ATLANTA (RNN) – America’s opioid crisis is growing and it’s hitting across demographic groups.
Startling numbers from the Centers for Disease Control and Prevention point to a 30 percent increase in overdoses treated in emergency rooms between July 2016 and September 2017.
Opioid overdoses in large cities increased 54 percent in 16 states.
The “amount of prescription #opioids prescribed was approximately three times as high in 2015 as it was in 1999 – enough for every American to be medicated around the clock for 3 weeks,” acting CDC Director Anne Schuchat said on Twitter last week.
Overdose rates showed a significant increase across all areas.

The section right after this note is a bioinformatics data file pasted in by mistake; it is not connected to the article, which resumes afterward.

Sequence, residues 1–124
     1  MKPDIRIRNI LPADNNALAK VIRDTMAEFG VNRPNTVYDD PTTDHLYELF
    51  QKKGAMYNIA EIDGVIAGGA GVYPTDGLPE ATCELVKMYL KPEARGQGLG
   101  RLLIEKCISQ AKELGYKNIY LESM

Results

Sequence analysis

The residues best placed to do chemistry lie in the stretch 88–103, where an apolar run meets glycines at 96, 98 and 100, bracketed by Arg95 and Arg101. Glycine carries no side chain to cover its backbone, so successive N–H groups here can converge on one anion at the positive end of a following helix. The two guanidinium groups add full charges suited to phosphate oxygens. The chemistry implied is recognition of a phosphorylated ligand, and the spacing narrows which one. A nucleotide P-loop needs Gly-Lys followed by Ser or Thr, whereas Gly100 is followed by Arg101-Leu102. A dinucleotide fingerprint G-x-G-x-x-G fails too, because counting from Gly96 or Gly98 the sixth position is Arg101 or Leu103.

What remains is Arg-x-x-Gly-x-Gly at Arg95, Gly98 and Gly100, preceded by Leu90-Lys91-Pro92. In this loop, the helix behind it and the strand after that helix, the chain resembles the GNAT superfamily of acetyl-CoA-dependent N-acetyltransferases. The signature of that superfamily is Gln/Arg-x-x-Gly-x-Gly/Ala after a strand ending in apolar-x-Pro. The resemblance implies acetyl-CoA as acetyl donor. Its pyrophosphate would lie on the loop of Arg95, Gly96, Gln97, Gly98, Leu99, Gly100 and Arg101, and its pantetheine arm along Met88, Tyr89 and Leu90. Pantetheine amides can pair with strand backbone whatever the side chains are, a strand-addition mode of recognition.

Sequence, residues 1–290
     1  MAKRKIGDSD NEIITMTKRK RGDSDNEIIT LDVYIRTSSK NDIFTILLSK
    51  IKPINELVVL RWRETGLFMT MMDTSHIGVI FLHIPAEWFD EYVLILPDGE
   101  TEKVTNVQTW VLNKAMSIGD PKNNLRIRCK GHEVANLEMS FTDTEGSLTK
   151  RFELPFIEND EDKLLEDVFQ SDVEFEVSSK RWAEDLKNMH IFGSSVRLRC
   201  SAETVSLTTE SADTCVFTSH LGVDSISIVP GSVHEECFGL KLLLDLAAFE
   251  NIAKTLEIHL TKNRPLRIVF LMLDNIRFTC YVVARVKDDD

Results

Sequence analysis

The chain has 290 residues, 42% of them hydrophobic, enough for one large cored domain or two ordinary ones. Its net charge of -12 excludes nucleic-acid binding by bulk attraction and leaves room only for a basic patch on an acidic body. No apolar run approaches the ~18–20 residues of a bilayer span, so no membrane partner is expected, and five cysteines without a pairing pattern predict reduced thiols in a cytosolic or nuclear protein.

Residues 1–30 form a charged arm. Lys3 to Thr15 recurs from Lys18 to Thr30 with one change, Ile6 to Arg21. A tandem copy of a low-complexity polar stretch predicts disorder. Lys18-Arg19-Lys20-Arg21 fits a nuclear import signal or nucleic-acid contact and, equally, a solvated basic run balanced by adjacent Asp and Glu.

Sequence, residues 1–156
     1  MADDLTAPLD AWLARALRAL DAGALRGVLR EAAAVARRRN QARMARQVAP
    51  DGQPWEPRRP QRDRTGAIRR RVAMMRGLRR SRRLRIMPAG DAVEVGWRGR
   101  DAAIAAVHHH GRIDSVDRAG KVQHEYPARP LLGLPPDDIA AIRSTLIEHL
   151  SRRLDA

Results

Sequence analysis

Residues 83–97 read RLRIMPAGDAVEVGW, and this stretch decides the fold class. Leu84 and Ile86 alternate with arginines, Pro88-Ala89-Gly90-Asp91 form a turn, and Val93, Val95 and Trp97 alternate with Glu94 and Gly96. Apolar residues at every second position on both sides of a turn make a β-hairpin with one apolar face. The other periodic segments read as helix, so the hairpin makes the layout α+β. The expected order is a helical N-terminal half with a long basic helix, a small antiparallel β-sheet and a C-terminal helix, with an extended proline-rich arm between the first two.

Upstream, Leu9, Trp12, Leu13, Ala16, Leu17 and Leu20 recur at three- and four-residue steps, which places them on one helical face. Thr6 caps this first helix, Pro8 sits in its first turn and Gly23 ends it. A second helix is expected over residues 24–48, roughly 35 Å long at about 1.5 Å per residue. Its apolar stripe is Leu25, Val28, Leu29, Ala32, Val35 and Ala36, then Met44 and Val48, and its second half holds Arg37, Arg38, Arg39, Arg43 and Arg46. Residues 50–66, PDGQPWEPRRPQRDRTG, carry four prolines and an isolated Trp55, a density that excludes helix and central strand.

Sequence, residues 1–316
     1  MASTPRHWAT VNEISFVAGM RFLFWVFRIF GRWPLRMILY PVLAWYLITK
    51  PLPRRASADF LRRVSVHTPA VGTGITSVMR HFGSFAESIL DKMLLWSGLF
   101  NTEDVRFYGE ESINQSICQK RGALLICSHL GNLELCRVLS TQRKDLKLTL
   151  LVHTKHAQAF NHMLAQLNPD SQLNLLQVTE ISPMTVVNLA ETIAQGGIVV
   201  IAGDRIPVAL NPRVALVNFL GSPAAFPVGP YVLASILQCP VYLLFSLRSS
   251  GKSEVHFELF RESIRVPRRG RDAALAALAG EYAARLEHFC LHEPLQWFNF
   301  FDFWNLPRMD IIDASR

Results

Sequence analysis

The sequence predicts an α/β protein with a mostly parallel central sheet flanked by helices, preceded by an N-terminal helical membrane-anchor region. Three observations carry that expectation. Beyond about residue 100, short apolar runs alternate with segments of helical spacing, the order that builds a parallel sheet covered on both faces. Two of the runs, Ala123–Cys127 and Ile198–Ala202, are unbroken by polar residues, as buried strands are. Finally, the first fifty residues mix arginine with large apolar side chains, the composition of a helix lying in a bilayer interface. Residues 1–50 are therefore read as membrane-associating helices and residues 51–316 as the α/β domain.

“The #opioid overdose epidemic is one of the biggest health threats facing the U.S.," the CDC director’s Twitter account said late last year. "More Americans are dying each day from opioid overdoses, in every community across the nation."
The #opioid overdose epidemic is one of the biggest health threats facing the U.S. More Americans are dying each day from opioid overdoses, in every community across the nation. CDC is committed to working w/ @HHSGov to fight this epidemic. https://t.co/rZNvSZyFmw pic.twitter.com/Gzr8zAxasF— Dr. Anne Schuchat (@CDCDirector) December 4, 2017
The CDC defines opioids as prescription pain medications, heroin, and illicitly manufactured fentanyl, a synthetic opioid pain reliever.
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